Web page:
Saturday, April 17, 2010


This month I have visited the Valley of Death. I have sat at a hospital bedside and watched a grandson die, my heart pounding as though it were being ripped from my body, the pain inside me so intense it was like a penetrating knife, cold and sharp. It was a big hospital, with corridors as long as city blocks, stretching into another long corridor and another. Sometimes I wandered aimlessly from one long stretch to another, seeking something as simple as a cup of coffee, leaving my bedside post for a moment, trying to clear my thoughts. It was a "trauma hospital," filled with gloom. Each unit had a locked door, with a telephone on a wall where one could communicate with a nurse about your need to enter the premises.

I stayed through the nights, sleeping on little settees made of flimsy wood and thinly padded seats, my purse under my head for a pillow, my legs folded like an origami fan as I tried to balance myself. I would wake up tireder than when I fell asleep, creeping out of the waiting room, hoping not to awaken the group of other sleeping visitors, nestled in various couches and chairs, slumped in slumber, awaiting word on the condition of their loved ones. We were a sad, silent group.

When it was over, when my grandson had drawn his last precious breath, I was strangely composed. I could only think of leaving this hospital, this warehouse of dying people, to get outside into the cold, crisp air and shake the essence of tragedy from my body. To leave my grandson behind in these strange hands, to leave him to be lifted and manipulated and loaded into a black vehicle like a sack of potatoes was almost more than I could bear. I wanted to pick him up and carry him with me, but I couldn't. So I walked outside to the car and we headed homeward, leaving a huge piece of our hearts behind.

Since then, I have been immersed in sorrow. I have wallowed in my grief. I held up for the funeral, with all of its trappings, the flowers that then sit around and threaten to wilt and must be carried to Nursing Homes or Hospitals, the cards, the letters, and that pathetic sack filled with the earthly remnants of the deceased....a ragged pair of jeans, a t-shirt, a scuffed pair of shoes, and five dollars in a wallet.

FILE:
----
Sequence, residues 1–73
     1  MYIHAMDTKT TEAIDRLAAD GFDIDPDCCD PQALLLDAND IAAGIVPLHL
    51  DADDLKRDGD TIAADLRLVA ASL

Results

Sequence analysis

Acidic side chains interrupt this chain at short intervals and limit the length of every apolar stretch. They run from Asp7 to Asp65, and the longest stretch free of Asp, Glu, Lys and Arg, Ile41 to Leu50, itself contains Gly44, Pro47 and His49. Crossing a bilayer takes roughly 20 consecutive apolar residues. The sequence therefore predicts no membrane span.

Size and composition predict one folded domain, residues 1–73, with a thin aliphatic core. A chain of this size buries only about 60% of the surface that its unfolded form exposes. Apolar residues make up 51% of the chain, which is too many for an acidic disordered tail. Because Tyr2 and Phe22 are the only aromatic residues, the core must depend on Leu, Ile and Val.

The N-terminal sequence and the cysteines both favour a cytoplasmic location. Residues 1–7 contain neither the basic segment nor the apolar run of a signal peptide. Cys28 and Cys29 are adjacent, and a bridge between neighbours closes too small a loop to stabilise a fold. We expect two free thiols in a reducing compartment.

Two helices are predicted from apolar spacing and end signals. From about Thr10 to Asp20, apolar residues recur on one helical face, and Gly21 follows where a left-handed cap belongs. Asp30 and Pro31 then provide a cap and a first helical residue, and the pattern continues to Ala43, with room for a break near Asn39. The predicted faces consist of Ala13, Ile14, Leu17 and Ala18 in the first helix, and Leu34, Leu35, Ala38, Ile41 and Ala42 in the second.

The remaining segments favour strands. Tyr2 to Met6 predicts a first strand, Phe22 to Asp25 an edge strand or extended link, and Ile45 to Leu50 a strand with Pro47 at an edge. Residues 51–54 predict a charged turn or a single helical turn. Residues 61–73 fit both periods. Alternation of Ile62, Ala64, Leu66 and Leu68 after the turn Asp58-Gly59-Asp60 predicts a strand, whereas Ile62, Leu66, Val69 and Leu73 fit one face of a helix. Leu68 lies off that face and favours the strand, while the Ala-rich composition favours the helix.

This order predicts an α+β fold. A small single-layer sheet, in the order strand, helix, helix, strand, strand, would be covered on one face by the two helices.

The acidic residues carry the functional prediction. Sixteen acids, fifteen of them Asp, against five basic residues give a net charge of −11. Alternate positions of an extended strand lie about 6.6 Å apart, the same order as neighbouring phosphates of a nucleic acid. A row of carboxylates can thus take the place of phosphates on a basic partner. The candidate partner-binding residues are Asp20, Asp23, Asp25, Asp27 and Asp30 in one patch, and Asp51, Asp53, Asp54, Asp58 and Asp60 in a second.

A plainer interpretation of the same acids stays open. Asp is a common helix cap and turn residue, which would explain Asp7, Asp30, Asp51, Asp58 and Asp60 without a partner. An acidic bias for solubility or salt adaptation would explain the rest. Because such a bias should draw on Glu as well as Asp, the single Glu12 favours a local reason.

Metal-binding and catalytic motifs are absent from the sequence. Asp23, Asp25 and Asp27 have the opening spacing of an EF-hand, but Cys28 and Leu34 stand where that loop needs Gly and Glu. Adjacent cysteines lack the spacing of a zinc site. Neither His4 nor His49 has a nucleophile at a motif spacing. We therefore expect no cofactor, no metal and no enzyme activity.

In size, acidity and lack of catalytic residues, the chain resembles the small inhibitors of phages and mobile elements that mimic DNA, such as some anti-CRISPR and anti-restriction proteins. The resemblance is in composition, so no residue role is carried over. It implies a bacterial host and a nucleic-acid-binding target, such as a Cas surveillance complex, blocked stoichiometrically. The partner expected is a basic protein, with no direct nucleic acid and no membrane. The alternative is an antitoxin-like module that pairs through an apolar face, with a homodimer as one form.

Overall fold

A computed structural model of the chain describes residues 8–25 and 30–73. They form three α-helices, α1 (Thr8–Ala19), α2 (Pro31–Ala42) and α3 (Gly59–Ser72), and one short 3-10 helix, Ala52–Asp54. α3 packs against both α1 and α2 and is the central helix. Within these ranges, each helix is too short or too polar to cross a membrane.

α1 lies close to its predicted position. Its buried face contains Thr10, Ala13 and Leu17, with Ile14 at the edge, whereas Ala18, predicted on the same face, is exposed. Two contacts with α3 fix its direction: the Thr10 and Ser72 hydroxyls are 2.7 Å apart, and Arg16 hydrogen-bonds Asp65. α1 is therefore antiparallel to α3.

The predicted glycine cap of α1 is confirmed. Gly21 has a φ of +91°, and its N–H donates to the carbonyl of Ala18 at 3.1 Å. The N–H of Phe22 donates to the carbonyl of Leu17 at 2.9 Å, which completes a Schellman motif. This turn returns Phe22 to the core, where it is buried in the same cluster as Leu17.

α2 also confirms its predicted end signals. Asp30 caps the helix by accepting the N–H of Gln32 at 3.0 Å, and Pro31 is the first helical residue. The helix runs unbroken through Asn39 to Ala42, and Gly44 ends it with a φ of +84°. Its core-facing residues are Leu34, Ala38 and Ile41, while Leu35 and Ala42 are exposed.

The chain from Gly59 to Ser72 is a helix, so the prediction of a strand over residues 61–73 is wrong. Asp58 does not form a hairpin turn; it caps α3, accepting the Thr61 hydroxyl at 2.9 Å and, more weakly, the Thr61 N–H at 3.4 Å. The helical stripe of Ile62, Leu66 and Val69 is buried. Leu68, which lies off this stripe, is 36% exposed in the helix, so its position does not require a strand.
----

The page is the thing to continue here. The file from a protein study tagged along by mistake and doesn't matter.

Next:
It was heroin that killed my grandson at the age of 22. Heroin that he became addicted to at a younger age and somehow could not shake away from, despite a stay in ReHab and other efforts to cure him. On the day that he died, he was happy because he had passed a drug test and this meant that he had been a month and a half off the drug. Then a friend called....and called again and again. He decided to go with him, telling me he was just visiting a friend and they would play video games together. I believed him. He was lying.

So, he Overdosed on the streets of Detroit in the parking lot of a Wendy's store....a heartbreaking end for a young man with a bright, ready smile and a truckload of friends, all of whom mourned his passing. The other young man survived and is now trying to cure his own addiction to heroin. We are standing behind him and cheering him on, because my grandson would have been happy to see his friend break free from this habit.

How many young people are falling into this trap? More than I ever knew until I entered the shadows of addiction. In the village where I live, there are more than a hundred young people using the drug. It's cheap and it's a thrill. It will even be given to you free...until you're caught! That's just the number of young people I know about. Heaven knows how many others are out there.

They are here, one there. The Overdoses occur regularly, and many survive. Some don't. The deaths pile up, young people with long lives ahead of them, dead of a vicious poison racing through their veins, stopping their hearts, starving their brains of oxygen.

What do do? When this scourge enters your life, don't hesitate. Try Rehab and, if you can afford it, make it a long stay. Try a doctor. There is medication that helps take away the urge....too late for my grandson, but worth a try for others. Don't hide the addiction, because friends and family can help. Communicate with others, because they can help you pinpoint the source of the drug. Remember, there are thousands of parents in your same predicament today and you want to do all you can before it is your child dead in a faraway hospital bed.

I have emerged from the sodden, mournful, doleful state where all I did was cry and wonder if there is a God and, if so, where was the miracle we needed? I have made my peace with my grandson's death and I am working on making peace with God. There is a huge, empty, black hole in my heart that may never be filled with love and laughter again. I know others have suffered so and survived. I know useless, unnecessary deaths are something many, many of us encounter. So I'll lift up my head and walk forward, one step at a time, and celebrate the fact that our troubled young man is finally free of the hateful scourge that so brutally took his life.